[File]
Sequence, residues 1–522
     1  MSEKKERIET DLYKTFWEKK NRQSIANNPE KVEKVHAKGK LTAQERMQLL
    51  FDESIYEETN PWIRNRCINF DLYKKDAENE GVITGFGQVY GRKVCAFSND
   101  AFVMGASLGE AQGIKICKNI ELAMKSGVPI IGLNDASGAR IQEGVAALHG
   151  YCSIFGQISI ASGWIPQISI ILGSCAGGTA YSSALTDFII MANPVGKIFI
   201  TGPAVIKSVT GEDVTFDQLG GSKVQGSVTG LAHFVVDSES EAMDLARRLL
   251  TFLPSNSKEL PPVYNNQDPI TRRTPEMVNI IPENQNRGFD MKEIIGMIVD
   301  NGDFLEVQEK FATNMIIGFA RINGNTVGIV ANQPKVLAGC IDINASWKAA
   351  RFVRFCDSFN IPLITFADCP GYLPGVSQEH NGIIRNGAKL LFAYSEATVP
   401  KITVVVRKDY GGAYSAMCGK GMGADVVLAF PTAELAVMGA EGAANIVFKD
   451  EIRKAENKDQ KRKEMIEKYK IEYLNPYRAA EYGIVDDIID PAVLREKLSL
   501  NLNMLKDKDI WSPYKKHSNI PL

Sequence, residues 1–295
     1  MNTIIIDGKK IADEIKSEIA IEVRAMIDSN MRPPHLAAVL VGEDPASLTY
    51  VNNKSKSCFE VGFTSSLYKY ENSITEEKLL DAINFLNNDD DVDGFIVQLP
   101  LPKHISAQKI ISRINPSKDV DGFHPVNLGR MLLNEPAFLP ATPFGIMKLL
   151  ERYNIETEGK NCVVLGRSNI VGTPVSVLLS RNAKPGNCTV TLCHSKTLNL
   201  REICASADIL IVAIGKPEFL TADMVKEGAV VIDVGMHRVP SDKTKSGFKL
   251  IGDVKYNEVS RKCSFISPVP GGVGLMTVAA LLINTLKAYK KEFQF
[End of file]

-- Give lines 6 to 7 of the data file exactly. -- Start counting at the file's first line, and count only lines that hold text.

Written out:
   201  TGPAVIKSVT GEDVTFDQLG GSKVQGSVTG LAHFVVDSES EAMDLARRLL
   251  TFLPSNSKEL PPVYNNQDPI TRRTPEMVNI IPENQNRGFD MKEIIGMIVD